2 Minutes to Midnight

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"2 Minutes to Midnight"
Iron maiden 2 minutes to midnight a.jpg
Single by Iron Maiden
from the album Powerslave
B-side Rainbow's Gold" (Beckett cover)
*"Mission from 'Arry
Released 6 August 1984
Format Vinyl (7", 12")
Recorded 1984
Genre Heavy metal
Length 6:04
Label EMI
Producer(s) Martin Birch
Iron Maiden singles chronology
"The Trooper"
"2 Minutes to Midnight"
"Aces High"
"The Trooper"
"2 Minutes to Midnight"
"Aces High"

"2 Minutes to Midnight" is a song by the English heavy metal band Iron Maiden, featured on their fifth studio album, Powerslave (1984). It was released as the band's tenth single, and first from the album on 6 August 1984 and rose to number 11 in the UK Singles Chart and number 25 on Billboard Top Album Tracks. It was the band's first single to exceed five minutes in length, remaining the band's longest single until the release of "Infinite Dreams" five years later.


A protest song about nuclear war, "2 Minutes to Midnight" was written by Adrian Smith and Bruce Dickinson.

The song title references the Doomsday Clock, the symbolic clock used by the Bulletin of the Atomic Scientists, which represents a countdown to potential global catastrophe. In September 1953 the clock reached two minutes to midnight, the closest it ever got to midnight, when the United States and Soviet Union tested H-bombs within nine months of one another.[1] According to Dickinson, the song critically addresses "the romance of war" in general rather than the Cold War in particular.[2]

"Rainbow's Gold"[edit]

The first B-side is a cover of British progressive rock band Beckett's "Rainbow's Gold", which was featured on their self-titled album released in 1974. The song was written by Terry Slesser and Kenny Mountain, respectively the band's vocalist and guitarist. On the original release, it is titled "A Rainbow's Gold".[3]

According to Nicko McBrain, commenting on the single in "Listen With Nicko Part VI" (as part of The First Ten Years series), the members of Iron Maiden were friends with members of Beckett.

The band's manager, Rod Smallwood, commented this version: "This was originally done by a band called Beckett who the band liked a lot. Adrian used to do a cover of another of their songs 'Rainclouds' in his band 'Evil Ways'. Beckett were from Newcastle and had a great singer called Terry Wilson Slesser (incidentally I was Beckett's agent prior to meeting Maiden)."[4]

"Mission From 'Arry"[edit]

Another B-side, entitled "Mission from 'Arry", is a recording of an argument between bassist Steve Harris and drummer Nicko McBrain, which took place after a show in Allentown, Pennsylvania, during the band's World Piece Tour.[2] During the concert, Harris' bass gear broke down, so he asked the nearest roadie to tell McBrain to extend the solo. The crew member was unable to communicate the message effectively, which unfortunately distracted McBrain and had a negative impact on his solo, causing him to yell at the roadie afterwards.[2] Vocalist Bruce Dickinson states that he found the ensuing argument so amusing that he decided to record it with a concealed tape recorder.[2][5]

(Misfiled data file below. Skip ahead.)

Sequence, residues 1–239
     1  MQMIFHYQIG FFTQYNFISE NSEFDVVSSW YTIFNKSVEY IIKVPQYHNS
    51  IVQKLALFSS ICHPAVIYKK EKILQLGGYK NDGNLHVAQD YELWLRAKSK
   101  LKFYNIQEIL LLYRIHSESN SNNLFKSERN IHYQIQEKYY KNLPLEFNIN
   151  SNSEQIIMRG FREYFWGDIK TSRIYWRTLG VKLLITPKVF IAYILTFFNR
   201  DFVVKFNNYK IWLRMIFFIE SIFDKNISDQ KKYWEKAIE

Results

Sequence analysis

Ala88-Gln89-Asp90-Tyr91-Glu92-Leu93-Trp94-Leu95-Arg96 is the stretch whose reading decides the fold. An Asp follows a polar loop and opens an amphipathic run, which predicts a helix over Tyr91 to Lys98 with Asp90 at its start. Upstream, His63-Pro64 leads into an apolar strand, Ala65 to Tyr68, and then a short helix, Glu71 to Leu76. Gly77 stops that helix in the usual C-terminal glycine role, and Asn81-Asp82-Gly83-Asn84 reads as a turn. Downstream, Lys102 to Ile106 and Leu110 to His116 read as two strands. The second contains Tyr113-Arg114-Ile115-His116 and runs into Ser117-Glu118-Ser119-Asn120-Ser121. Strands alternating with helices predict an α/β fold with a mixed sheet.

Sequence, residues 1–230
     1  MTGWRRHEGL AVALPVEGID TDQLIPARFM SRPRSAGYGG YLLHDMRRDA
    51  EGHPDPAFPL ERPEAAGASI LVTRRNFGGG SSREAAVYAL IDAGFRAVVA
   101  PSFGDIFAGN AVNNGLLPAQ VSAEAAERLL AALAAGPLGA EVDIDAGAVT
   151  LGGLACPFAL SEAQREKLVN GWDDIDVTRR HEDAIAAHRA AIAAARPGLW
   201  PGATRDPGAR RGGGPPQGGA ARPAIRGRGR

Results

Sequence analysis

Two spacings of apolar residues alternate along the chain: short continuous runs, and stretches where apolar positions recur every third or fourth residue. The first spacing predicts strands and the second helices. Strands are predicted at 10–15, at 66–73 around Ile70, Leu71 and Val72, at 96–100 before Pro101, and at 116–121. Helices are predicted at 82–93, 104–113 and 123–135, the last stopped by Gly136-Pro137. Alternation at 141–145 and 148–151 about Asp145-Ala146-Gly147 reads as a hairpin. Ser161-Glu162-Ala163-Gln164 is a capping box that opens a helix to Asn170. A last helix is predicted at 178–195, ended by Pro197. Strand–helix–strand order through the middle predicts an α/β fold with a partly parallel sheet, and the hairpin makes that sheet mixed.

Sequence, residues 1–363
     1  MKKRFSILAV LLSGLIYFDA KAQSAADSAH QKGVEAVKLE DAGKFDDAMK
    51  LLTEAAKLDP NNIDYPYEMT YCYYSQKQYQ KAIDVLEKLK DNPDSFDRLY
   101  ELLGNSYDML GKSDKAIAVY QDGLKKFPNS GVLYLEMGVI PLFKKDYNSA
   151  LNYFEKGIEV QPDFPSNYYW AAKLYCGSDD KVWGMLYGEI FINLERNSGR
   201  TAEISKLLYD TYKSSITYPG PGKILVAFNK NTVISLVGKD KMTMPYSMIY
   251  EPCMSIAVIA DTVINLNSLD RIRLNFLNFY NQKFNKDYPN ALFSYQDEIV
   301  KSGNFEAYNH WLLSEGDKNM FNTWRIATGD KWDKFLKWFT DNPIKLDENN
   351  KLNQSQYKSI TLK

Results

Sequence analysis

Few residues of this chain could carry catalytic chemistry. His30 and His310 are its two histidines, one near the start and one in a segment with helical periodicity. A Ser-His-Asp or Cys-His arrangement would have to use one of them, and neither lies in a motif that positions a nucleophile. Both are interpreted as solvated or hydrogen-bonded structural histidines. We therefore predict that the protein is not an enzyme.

Track listing[edit]

7" single
Side one
No. Title Writer(s) Length
1. "2 Minutes to Midnight" Adrian Smith, Bruce Dickinson 6:04
Side two
No. Title Writer(s) Length
1. "Rainbow's Gold" (Beckett cover) Terry Slesser, Kenny Mountain 4:57
Total length: 11:01
12" single
Side one
No. Title Writer(s) Length
1. "2 Minutes to Midnight" Smith, Dickinson 6:04
Side two
No. Title Writer(s) Length
1. "Rainbow's Gold" (Beckett cover) Slesser, Mountain 4:57
2. "Mission from 'Arry" (spoken word) Steve Harris, Nicko McBrain 6:40
Total length: 17:41


Production credits are adapted from the 7-inch vinyl,[6] and 12-inch vinyl covers.[7]

Iron Maiden

Cover versions[edit]

Year Artist Album
1988 Decameron Made in Tribute: A Tribute to the Best Band in a Whole Goddamn World
1999 Deceased A Call To Irons Vol. 2
2005 The Iron Maidens World's Only Female Tribute to Iron Maiden
2005 Joe Lynn Turner, Richie Kotzen, Bob Kulick, Tony Franklin, Chris Slade Numbers From The Beast
2005 Primal Fear A Tribute to the Beast, Vol. 2
2008 Glamour of the Kill Maiden Heaven: A Tribute to Iron Maiden
2012 Maiden uniteD Across The Seventh Sea

Appearances in other media[edit]

Chart Performance[edit]

Single Chart (1984) Peak
"2 Minutes to Midnight" German Singles Chart 70[8] Powerslave
Irish Singles Chart 10[9]
UK Singles Chart 11[10]
Single Chart (1990) Peak
"2 Minutes to Midnight" / "Aces High" UK Albums Chart[note 1] 11[11]

See also[edit]


  1. ^ Re-release of both singles as part of The First Ten Years box set. Exceeded the length limit of the UK Singles chart.


  1. ^ "Doomsday Clock Timeline". Bulletin of the Atomic Scientists. Retrieved 15 October 2012. 
  2. ^ a b c d "The History of Iron Maiden part 2". Live After Death (DVD). EMI. 4 February 2008. 
  3. ^ "Beckett's 1974 self-titled album". Rateyourmusic.com. Retrieved 15 October 2012. 
  4. ^ Smallwood, Rod (2002). Best of the 'B' Sides (Media notes). Iron Maiden. EMI. 
  5. ^ Noguera, Anthony (May 1992). "B-Side Or Be Dead". Metal Attack "Iron Maiden Special". London: Rock Team Publishing And Productions Ltd. 
  6. ^ "2 Minutes to Midnight" 7 Inch Single (Media notes). Iron Maiden. EMI. 6 August 1984. 
  7. ^ "2 Minutes to Midnight" 12 Inch Single (Media notes). Iron Maiden. EMI. 6 August 1984. 
  8. ^ "Single – Iron Maiden, '2 Minutes to Midnight'". Media Control Charts. charts.de. Retrieved 27 August 2013. 
  9. ^ "Irish Singles". IRMA. Irishcharts.ie. Retrieved 1 October 2011. 
  10. ^ "Top 40 Official Singles Chart UK Archive 25 August 1984". Official Charts Company. Retrieved 27 August 2013. 
  11. ^ "Top 40 Official UK Albums Archive 31 March 1990". Official Charts Company. Retrieved 3 October 2011. 

External links[edit]